Frederick Douglass was the most famous abolitionist of his time. He was admired throughout the north and Europe at the same time he was vilified in the south. His autobiography, first published in 1845, helped banish many stereotypes about slaves and slavery that white Americans held.
One of the most important aspects of his autobiography was how it dispelled myths about the “civil” nature of slavery. Many slave owners in the south claimed in wasn’t as bad as abolitionist claimed because slave masters provided for their slaves. Douglass illustrated all the cruelty, violence, and dishonesty he experienced so that abolitionists and sympathetic northern knew the truth.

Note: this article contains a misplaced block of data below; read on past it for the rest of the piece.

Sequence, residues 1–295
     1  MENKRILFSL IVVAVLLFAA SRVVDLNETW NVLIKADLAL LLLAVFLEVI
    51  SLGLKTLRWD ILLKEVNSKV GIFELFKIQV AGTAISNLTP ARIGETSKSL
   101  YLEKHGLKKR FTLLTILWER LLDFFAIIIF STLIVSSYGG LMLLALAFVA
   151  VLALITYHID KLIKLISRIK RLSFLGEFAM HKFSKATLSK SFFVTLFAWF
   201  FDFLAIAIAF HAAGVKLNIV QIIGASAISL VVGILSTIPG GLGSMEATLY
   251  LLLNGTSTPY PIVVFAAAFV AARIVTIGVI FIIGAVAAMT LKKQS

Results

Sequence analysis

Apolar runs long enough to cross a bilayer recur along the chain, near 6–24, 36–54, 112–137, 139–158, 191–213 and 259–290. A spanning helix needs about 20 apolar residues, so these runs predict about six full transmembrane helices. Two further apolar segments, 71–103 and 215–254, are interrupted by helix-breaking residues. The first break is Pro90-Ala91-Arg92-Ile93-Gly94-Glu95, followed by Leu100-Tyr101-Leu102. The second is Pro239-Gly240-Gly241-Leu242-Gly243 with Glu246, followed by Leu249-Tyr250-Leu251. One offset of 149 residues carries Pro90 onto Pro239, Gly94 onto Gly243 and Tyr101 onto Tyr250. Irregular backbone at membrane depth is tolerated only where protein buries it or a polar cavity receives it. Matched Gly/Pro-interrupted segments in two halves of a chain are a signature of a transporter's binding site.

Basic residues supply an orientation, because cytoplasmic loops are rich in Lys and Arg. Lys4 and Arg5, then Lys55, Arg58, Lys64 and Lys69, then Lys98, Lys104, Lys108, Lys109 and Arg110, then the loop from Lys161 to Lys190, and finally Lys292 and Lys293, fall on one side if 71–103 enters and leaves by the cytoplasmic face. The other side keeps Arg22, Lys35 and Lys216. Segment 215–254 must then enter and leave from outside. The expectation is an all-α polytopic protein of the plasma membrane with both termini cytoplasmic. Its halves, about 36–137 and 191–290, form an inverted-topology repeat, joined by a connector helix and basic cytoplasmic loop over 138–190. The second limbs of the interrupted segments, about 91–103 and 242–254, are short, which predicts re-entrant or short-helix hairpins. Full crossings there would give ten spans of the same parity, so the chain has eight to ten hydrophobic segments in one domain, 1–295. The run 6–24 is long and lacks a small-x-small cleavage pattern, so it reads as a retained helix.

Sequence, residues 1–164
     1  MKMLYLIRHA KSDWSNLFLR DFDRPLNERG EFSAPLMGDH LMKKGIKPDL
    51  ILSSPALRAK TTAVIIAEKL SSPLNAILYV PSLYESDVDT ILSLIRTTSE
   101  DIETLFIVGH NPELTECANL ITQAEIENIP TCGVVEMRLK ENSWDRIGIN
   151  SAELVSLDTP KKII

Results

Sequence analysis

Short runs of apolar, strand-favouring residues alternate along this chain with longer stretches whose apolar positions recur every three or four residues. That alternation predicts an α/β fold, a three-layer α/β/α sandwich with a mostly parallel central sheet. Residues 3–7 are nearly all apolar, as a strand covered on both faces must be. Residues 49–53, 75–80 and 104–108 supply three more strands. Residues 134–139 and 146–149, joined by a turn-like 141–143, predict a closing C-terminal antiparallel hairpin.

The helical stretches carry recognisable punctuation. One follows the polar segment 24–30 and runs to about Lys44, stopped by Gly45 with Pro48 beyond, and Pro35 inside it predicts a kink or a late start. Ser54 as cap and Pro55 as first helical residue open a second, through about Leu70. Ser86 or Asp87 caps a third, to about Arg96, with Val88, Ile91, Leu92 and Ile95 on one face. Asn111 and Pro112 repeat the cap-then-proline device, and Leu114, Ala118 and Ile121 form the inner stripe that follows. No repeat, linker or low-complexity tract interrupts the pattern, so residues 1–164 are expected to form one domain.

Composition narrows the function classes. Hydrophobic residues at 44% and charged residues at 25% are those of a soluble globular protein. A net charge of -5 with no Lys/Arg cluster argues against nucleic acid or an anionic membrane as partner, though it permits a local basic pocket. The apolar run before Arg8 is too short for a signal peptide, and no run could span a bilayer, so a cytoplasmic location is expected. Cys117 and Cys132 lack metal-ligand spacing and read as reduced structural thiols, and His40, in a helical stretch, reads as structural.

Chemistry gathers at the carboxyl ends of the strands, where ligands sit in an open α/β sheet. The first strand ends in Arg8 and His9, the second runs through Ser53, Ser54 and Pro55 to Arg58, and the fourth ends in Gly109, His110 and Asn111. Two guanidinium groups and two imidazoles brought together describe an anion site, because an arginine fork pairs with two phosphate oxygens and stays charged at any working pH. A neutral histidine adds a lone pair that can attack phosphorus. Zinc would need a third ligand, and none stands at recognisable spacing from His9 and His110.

Douglass also hoped to dispel rumors about the intelligence or capability of slaves. Many people, both northern and southern, felt that African Americans weren’t as smart or capable as whites and therefore couldn’t handle freedom. Reading Douglass’s words and his intelligent writing style convinced many whites that slaves could become free and contributing members of society. It also gave slaves hope that one day, they too could reach his level of success.